Snapshots of Hope, Part Two: Trapped in a Box

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The ancient Greeks had the benefit of blaming their downfalls on their pantheon of fickle, often vengeful, gods. But modern societies are reaping that which we have sewn.

Brandy Betz

According to Greek mythology, Pandora’s curiosity unleashed upon the world a plague of miseries. Her attempts to minimize the damage by shutting the lid trapped something in the box: Elpis, or hope. There is debate as to why hope would have been present in such a package. Was it meant as another misery or a means of relief to a beleaguered world? Today, 1300 years after Hesiod’s documentation of the story of Pandora, the questions of whether hope is friend or foe, and how we can determine its nature, still exist.

The ancient Greeks had the benefit of blaming their downfalls on their pantheon of fickle, often vengeful, gods. But modern societies are reaping that which we have sewn. It took more than one person to build this fire and it will take more than one to extinguish it. Cooperation, however, is usually easier said than done. What motivations would people have to assist others they may not know and might never meet? It could be argued that what benefits one is a benefit to all, but that was probably truer in times when cooperation meant the difference between perishing and survival. The truth is, very few lives are being directly threatened by what’s occurring in Darfur. So, what is the motivation for those not directly affected by an atrocity to lend their assistance?

A team of researchers from Emory University discovered that altruism might just feel good. In 2002, the researchers published a study in the scientific journal Neuron that suggested that the brain’s reward centers are stimulated when altruistic acts are performed. Functional MRI scans were performed on subjects placed in a game of Prisoner’s Dilemma (a behavioral test in which defecting when the other player cooperates yields the greater beneficial outcome). The participants were partnered with a computer and then with another human. Mutual cooperation was the most common outcome among those paired against another human even though it was obviously not the most beneficial choice. The brain’s reward centers were activated only when the participant was teamed with another human, not a computer. If we are in fact hard wired to favor altruism then cooperation, and hope, have some scientific backing.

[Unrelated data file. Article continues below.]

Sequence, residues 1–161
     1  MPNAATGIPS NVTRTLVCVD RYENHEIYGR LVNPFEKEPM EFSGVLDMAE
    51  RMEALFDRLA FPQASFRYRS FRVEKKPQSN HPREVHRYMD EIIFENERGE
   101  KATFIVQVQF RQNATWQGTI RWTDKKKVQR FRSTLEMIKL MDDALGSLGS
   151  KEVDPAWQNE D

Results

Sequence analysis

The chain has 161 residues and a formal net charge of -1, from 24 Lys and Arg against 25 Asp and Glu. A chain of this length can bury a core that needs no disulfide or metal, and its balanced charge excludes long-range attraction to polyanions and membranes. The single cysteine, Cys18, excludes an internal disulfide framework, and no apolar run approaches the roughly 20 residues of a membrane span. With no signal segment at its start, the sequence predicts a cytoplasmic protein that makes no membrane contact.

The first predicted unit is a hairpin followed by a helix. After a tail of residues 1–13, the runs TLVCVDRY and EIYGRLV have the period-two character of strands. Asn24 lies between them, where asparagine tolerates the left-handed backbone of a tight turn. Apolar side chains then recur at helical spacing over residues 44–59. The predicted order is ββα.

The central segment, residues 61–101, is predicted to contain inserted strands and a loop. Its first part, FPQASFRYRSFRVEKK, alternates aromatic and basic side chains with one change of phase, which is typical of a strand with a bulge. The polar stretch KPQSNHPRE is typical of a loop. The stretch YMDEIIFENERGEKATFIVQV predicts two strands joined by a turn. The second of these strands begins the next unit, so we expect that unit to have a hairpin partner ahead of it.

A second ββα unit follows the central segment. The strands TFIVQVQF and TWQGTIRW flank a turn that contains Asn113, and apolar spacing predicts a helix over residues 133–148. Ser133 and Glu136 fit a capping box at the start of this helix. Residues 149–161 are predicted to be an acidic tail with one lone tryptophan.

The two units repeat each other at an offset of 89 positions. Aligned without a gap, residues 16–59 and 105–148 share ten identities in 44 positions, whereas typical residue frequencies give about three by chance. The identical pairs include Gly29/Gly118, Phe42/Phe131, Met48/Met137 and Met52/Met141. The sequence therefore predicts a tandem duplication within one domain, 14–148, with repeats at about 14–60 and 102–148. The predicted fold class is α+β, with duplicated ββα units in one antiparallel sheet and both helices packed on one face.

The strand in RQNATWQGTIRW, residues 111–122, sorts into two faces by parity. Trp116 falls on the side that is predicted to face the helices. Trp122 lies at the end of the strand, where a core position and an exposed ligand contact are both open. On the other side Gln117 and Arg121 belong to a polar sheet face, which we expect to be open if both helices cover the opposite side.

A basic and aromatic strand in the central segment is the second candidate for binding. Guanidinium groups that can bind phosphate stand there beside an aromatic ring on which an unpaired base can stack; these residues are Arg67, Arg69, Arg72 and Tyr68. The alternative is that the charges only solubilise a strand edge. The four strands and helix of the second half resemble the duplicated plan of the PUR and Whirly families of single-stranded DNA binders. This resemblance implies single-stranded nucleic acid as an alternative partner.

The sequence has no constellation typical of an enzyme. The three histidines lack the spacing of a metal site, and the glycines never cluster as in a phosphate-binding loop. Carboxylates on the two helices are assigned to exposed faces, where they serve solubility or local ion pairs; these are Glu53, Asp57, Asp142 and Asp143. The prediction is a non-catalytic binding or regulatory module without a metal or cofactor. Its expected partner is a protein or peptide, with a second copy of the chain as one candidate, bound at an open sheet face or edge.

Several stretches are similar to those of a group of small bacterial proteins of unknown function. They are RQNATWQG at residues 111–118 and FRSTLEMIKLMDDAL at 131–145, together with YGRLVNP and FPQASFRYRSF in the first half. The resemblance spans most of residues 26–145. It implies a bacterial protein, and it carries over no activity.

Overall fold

But there is no evidence that the brain’s reward center is so rushed with positive feelings that everyone who commits one altruistic act is going to keep doing so. It also provides no reason for an initial altruistic act to be made, as the brain wouldn’t yet know of its eventual reward. Altruism might make us feel rewarded but so do sex, money, and drugs. It would take a great deal of naivety to say that mankind is just going to bond together because it will make us feel good. Wars and genocides and astonishing acts of violence will happen and will continue to happen for the entire history of the world. Battles against the world’s miseries will be lost time and again. In the shadow of these losses it will be easy to see hope as another enemy because it carries heavy disappointments and few obvious rewards.

To borrow from Hamlet, to hope or not to hope, that is the question. Is it our friend or our foe? The simple answer is that it is whatever we make it. There is only one way that hope can crush us and that is by our attachment of an expectation. In Disturbing the Peace, Victor Havel said “Hope is definitely not the same thing as optimism. It is not the conviction that something will turn out well, but the certainty that something makes sense, regardless of how it turns out.” No matter the outcome, the belief that something makes sense in a chaotic and often brutal world might be enough to alleviate some of our burdens and make hope our ally.

Brandy Betz is a Biology student who believes in hope above all things.


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